What would a schedule of depreciation look like for a $50,000 solar energy system that is depreciated using MACRS depreciation, bonus depreciation, and a straight-line method of depreciation? We assume the business has a 30% tax bracket.

Gross System Cost

 

 

 

 $50,000

Tax Credit (30%)

     

 $15,000

NET COST

       

 $35,000

Total Solar Asset Depreciable Amount

 

 $42,500

 

       

 

Tax Bracket (assumed 30% default)

 

30%

 

 

  MACRS Bonus % Straight-Line
Year 1 20.00% 60.00% 20.00%
Year 2 32.00% 16.00% 20.00%
Year 3 19.20% 9.60% 20.00%
Year 4 11.50% 5.76% 20.00%
Year 5 11.50% 5.76% 20.00%
Year 6 5.80% 2.88% -

 

 

Depreciation Table Total      
       
  MACRS Bonus Straight-Line
Year 1 $2,550 $7,650 $2,550
Year 2 $4,080 $2,040 $2,550
Year 3 $2,448 $1,224 $2,550
Year 4 $1,469 $734 $2,550
Year 5 $1,469 $734 $2,550
Year 6 $734 $367 $0

 

 

The clear advantage of depreciating your solar energy system with an accelerated system is that a business will be subjected to a lower tax liability. The net present value is a little bit lower because the business would be receiving a higher break at the beginning. So what would it look like if there were a 5% discount rate on a system's depreciation? What would the net present value numbers be? Let's take a look using the example:

 

Depreciation Schedule With a 5% Discount Rate For the Cost of Capital
       
  MACRS Bonus Straight-Line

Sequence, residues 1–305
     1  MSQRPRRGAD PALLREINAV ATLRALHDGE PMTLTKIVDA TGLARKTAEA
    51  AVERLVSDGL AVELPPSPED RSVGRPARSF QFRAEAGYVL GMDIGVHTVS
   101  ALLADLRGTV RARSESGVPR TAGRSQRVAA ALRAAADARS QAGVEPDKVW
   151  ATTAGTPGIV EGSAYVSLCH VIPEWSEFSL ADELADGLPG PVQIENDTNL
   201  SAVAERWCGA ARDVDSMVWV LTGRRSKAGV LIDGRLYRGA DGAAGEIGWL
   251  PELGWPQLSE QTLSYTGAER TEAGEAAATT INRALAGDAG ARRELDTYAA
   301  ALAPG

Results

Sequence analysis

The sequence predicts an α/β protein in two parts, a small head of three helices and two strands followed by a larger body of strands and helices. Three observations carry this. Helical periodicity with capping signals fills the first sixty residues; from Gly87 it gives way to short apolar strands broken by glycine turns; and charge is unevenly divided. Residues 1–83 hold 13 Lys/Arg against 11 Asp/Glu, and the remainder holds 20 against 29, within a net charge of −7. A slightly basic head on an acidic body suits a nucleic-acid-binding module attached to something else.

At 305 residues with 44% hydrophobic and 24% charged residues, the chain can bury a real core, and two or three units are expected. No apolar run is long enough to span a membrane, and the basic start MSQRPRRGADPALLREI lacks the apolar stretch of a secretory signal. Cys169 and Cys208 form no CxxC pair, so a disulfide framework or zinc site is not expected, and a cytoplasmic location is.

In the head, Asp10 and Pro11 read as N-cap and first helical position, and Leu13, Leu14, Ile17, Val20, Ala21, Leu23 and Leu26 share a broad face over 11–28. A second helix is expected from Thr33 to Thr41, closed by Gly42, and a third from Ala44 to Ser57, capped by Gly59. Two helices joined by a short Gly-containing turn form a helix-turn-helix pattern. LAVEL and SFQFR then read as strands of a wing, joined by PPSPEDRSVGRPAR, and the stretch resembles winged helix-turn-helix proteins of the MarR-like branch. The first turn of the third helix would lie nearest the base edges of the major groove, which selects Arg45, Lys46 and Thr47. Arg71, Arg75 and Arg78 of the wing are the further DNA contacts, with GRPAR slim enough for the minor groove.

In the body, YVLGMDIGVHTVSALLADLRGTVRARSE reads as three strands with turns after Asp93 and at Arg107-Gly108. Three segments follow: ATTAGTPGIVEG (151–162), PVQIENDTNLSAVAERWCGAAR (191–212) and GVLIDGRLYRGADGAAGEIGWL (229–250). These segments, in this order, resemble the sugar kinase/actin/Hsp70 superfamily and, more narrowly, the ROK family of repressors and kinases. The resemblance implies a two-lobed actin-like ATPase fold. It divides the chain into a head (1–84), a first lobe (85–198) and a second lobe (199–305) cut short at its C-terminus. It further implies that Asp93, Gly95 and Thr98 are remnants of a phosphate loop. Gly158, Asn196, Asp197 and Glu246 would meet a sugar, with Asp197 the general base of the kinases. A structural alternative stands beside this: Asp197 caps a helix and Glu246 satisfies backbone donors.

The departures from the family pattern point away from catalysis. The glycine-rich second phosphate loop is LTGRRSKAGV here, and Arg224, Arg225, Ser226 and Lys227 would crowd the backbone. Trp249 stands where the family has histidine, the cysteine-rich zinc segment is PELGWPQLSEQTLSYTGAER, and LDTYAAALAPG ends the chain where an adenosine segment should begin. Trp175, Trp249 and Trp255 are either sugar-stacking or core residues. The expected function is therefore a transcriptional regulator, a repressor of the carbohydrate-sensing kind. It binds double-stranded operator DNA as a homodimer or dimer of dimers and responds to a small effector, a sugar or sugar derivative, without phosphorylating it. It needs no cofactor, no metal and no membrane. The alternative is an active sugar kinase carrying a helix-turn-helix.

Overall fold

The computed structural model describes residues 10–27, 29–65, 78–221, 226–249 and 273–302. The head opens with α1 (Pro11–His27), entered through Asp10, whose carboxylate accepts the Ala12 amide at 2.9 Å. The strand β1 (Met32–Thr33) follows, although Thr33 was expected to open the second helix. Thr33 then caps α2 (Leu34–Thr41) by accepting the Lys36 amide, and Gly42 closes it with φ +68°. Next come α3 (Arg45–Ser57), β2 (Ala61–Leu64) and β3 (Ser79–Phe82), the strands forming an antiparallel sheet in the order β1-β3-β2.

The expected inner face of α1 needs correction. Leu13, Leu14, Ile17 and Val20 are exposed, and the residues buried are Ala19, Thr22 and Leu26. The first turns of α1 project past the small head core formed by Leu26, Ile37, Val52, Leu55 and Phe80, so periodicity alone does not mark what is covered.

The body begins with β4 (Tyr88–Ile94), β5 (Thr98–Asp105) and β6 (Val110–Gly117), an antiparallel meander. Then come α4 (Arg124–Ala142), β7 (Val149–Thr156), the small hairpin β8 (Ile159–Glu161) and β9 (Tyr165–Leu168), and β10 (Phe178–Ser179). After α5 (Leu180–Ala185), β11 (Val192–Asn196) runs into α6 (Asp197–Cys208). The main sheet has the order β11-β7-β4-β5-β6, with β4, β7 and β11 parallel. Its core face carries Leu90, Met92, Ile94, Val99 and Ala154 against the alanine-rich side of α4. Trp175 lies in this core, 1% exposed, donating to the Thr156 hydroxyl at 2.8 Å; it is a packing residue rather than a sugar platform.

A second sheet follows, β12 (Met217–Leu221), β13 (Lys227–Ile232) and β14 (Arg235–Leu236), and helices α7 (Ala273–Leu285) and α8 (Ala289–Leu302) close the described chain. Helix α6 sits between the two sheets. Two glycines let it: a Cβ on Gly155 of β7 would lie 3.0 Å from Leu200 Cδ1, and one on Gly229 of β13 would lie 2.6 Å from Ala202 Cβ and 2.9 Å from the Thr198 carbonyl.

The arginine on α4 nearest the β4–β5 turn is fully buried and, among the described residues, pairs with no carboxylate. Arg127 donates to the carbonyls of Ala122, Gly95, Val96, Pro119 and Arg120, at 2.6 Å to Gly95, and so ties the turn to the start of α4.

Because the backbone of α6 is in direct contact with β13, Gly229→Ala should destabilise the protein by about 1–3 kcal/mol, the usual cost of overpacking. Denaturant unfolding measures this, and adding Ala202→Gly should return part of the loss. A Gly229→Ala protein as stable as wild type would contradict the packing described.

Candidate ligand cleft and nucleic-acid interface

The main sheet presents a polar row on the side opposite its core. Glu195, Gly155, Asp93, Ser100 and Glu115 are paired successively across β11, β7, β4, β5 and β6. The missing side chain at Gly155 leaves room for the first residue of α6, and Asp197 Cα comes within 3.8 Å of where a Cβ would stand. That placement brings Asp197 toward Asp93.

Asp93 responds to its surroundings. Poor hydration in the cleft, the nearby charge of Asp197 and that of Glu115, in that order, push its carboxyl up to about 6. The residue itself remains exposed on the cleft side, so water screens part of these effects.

Year 1 $2,428.57 $7,285.71 $2,428.57
Year 2 $3,700.68 $1,850.34 $2,312.93
Year 3 $2,114.67 $1,057.34 $2,202.79
Year 4 $1,208.39 $604.19 $2,097.89
Year 5 $1,150.84 $575.42 $1,997.99
Year 6 $548.02 $274.01 $0.00
Total $11,151.18 $11,647.02 $11,040.17

 

 

In this example, a business using a bonus depreciation schedule on a $50,000 solar energy system would be able to depreciate $42,500 with a first year rate of 50%. If we discount the system in order to get a present value using a conservative 5% cost of capital, we can see that a business that uses the bonus acceleration method will save a little more than five hundred dollars than a business that depreciates the same system using a straight-line method. So there are definite advantages to business depreciation. Obviously, this is one example and the discount rate will vary for a specific business.  

There are some companies that will choose to depreciate more of their system later on in the useful lifecycle because they already have existing tax credits. In other words, they would want to spread the tax incentives over their later years. In this case, companies would want to more frequently use a straight-line depreciation method.

It should be restated here that solar energy systems are exempt from property taxes for all systems less than 250 kW. There is also a sales tax exemption at the time of purchase along with use and corporate franchise tax. The only deduction that is reduced by purchasing a solar array for business usage is that since payments for energy are deductible as an operating expense, installing solar pv will reduce these expenses because the customer will be buying less energy. However, this is also a positive, since the energy that will be produced is less expensive over the long run.